Halting global warming is now more critical than ever, according to the new research, as the dispersion of the enormous Gulf Stream current in the Atlantic Ocean would cause catastrophic climate shifts, affecting large regions on several continents.
Following recent revelations published by senior scientists in Nature magazine observing that the Atlantic Ocean Gulf Stream system is at the weakest level of organization yet recorded, scientists and climatologists are warning that a collapse of the enormous ocean current would result in an extreme impact to the planet's climate, particularly in western Europe which will likely experience freezing winters and much stronger storms.
If the Gulf Stream dissipates, climatologists warn of increased storm severity in Europe, a faster sea-level rise on the eastern seaboard of the US and the likelihood of much more drought across the Sahel region of Africa, according to The Guardian.
The Gulf Stream, known in academic circles as the Atlantic Meridional Overturning Circulation (AMOC), brings warmer water toward the North Pole from equatorial regions, where it cools, sinks and returns southwards as a denser, deeper current.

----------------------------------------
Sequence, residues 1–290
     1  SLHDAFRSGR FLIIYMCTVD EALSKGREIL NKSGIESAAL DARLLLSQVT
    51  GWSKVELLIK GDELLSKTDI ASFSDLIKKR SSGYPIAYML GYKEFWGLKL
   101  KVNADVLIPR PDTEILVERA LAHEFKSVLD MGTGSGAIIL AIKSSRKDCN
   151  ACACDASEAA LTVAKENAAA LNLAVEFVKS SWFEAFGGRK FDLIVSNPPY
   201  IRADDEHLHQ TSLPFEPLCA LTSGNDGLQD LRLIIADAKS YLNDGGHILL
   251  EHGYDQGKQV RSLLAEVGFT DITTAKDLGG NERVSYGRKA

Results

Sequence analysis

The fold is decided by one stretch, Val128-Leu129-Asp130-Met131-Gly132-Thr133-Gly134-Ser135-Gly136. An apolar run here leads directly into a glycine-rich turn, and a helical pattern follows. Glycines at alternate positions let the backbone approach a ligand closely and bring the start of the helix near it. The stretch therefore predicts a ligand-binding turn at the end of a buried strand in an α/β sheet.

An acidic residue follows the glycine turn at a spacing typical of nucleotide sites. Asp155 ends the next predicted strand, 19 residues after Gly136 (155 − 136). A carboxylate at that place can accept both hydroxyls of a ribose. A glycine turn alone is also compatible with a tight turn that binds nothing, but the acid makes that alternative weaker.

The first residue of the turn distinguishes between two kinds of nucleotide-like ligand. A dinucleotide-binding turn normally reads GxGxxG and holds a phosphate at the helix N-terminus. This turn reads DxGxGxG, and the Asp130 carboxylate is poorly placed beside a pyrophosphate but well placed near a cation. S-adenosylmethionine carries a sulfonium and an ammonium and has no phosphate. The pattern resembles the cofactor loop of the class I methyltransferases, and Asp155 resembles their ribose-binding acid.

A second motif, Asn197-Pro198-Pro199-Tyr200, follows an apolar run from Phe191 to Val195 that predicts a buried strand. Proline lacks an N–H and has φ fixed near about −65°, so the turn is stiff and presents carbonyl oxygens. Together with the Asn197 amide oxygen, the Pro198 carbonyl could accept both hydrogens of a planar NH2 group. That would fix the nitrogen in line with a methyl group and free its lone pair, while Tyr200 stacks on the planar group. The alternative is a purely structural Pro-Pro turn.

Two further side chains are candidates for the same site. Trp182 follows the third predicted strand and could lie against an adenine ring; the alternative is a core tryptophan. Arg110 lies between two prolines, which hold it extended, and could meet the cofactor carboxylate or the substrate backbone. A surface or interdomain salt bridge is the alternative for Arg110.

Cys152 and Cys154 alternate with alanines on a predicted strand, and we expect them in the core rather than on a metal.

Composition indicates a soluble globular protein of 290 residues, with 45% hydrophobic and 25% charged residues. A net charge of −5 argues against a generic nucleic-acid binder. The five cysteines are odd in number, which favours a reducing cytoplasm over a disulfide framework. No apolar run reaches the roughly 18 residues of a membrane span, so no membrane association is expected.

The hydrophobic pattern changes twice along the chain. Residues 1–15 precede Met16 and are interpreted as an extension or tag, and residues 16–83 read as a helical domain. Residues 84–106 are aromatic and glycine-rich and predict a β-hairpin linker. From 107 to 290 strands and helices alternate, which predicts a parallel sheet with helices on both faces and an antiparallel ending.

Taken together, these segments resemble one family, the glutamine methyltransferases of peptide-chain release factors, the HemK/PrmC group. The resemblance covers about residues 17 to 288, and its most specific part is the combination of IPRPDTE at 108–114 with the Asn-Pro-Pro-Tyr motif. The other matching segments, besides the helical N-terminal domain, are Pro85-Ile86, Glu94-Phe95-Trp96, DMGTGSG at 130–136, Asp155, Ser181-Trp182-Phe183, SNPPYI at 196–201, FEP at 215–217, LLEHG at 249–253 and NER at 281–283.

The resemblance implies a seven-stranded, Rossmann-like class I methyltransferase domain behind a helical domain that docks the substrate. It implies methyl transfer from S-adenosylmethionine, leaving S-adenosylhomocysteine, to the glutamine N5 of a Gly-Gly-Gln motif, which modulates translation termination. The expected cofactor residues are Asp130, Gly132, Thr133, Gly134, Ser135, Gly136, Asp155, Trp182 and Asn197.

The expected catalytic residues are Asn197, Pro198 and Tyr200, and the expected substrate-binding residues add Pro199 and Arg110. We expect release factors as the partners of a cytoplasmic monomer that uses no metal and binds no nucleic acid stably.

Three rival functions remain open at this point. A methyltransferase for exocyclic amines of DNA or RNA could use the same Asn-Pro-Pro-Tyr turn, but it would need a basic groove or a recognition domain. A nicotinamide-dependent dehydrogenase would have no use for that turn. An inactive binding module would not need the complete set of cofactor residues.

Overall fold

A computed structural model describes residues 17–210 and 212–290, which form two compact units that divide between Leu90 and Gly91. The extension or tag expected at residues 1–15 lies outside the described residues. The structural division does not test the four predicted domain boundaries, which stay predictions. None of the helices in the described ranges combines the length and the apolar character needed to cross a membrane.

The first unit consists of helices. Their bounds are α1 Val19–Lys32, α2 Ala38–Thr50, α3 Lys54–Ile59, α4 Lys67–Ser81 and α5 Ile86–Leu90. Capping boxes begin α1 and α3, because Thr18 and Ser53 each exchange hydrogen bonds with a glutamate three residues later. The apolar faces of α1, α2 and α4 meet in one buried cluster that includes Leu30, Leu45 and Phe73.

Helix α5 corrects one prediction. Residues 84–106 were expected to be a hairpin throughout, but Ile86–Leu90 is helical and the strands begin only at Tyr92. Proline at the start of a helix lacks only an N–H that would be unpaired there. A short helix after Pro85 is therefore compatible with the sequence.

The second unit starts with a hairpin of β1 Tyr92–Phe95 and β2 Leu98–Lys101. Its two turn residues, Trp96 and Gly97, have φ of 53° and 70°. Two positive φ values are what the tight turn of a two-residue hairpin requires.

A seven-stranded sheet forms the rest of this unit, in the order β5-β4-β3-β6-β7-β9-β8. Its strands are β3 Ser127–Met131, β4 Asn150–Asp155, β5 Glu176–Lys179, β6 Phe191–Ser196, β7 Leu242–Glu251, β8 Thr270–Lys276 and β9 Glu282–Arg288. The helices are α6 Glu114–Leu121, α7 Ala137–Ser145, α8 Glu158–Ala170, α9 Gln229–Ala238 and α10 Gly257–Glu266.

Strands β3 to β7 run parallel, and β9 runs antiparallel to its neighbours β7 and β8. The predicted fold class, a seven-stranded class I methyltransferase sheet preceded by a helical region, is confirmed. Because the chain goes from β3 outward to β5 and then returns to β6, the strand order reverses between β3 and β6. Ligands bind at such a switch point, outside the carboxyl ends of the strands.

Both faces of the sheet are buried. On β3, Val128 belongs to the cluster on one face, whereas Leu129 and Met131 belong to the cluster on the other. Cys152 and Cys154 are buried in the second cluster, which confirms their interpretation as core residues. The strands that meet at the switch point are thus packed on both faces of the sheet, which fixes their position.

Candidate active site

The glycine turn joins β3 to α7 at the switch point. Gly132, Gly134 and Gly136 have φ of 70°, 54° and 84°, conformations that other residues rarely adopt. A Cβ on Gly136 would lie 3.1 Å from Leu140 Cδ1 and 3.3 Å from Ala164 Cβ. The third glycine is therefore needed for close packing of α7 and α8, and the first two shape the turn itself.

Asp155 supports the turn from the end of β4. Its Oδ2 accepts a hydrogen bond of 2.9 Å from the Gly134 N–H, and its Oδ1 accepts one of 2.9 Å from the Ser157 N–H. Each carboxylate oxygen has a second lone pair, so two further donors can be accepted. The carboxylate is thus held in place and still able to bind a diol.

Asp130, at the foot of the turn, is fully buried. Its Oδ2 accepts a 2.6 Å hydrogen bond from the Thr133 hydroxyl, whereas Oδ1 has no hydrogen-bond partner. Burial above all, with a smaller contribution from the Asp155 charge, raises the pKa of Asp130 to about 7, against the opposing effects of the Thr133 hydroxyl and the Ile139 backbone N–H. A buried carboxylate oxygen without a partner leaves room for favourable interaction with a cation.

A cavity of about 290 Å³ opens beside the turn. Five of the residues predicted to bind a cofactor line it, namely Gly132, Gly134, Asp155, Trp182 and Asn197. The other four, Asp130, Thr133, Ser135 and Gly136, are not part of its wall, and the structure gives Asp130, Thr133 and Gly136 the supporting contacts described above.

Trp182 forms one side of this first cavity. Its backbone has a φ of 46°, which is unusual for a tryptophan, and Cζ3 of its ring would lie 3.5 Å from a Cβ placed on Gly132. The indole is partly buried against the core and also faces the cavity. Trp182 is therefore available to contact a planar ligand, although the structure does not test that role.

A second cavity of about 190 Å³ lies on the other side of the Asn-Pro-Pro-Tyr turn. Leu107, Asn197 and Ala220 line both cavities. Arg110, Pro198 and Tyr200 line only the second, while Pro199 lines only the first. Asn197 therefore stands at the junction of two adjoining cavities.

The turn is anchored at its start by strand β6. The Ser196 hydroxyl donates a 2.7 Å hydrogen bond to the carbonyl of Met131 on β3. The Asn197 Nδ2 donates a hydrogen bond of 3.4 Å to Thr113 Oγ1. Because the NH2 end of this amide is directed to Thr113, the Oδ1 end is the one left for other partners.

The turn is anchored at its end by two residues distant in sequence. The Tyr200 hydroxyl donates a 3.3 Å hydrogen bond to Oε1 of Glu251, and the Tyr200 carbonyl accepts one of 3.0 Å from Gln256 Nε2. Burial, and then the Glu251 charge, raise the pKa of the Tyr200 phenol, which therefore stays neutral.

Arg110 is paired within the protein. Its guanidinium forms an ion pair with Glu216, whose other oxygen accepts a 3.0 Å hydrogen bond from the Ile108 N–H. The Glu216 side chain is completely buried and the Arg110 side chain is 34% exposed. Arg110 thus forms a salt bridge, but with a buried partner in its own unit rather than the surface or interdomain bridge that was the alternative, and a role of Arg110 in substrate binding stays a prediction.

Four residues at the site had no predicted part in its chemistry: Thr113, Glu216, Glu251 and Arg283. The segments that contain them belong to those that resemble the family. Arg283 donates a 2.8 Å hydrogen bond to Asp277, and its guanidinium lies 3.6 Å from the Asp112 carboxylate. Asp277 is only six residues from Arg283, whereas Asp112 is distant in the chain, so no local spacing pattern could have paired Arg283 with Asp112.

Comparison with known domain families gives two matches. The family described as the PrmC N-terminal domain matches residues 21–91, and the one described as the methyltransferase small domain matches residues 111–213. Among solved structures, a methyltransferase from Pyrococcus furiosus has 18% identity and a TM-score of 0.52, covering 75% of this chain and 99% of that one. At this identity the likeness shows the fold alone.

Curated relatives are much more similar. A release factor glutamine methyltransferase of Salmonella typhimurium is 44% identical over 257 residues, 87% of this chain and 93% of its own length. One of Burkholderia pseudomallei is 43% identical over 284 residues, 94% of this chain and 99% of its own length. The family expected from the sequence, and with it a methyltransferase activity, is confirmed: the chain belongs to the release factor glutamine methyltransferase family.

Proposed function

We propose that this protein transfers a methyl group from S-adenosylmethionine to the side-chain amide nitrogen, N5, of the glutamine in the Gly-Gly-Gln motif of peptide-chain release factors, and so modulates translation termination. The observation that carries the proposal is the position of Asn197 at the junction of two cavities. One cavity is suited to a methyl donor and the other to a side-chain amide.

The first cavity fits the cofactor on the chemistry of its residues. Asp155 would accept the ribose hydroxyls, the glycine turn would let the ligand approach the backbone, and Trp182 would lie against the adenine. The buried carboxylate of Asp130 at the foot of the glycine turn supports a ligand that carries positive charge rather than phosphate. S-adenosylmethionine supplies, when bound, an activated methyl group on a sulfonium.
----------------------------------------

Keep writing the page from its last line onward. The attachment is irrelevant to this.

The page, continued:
Human-induced global warming, however, is slowing the process in which the warmer water is cooled, with heavy runoff from the quickly-melting Greenland ice sheet adding to the problem by spreading less-dense fresh water into the maritime regions, also weakening the AMOC system.
Recent studies show that the strength of the AMOC has declined some 15 percent since 1950, and that it is at its weakest flow in some 1600 years, based on sediment bore studies in the North Carolina seashore as well as research based in Iceland and Greenland.
Leading some of the new climate research, Professor Stefan Rahmstorf, of the Potsdam Institute for Climate Impact Research in Germany and one of the world's leading oceanographers, noted that shifts in the AMOC system can result in very fast changes to continent-wide climate systems.
"From the study of past climate, we know changes in the AMOC have been some of the most abrupt and impactful events in the history of climate," said Rahmstorf, cited by The Guardian.
"We are dealing with a system that in some aspects is highly non-linear, so fiddling with it is very dangerous, because you may well trigger some surprises," he added.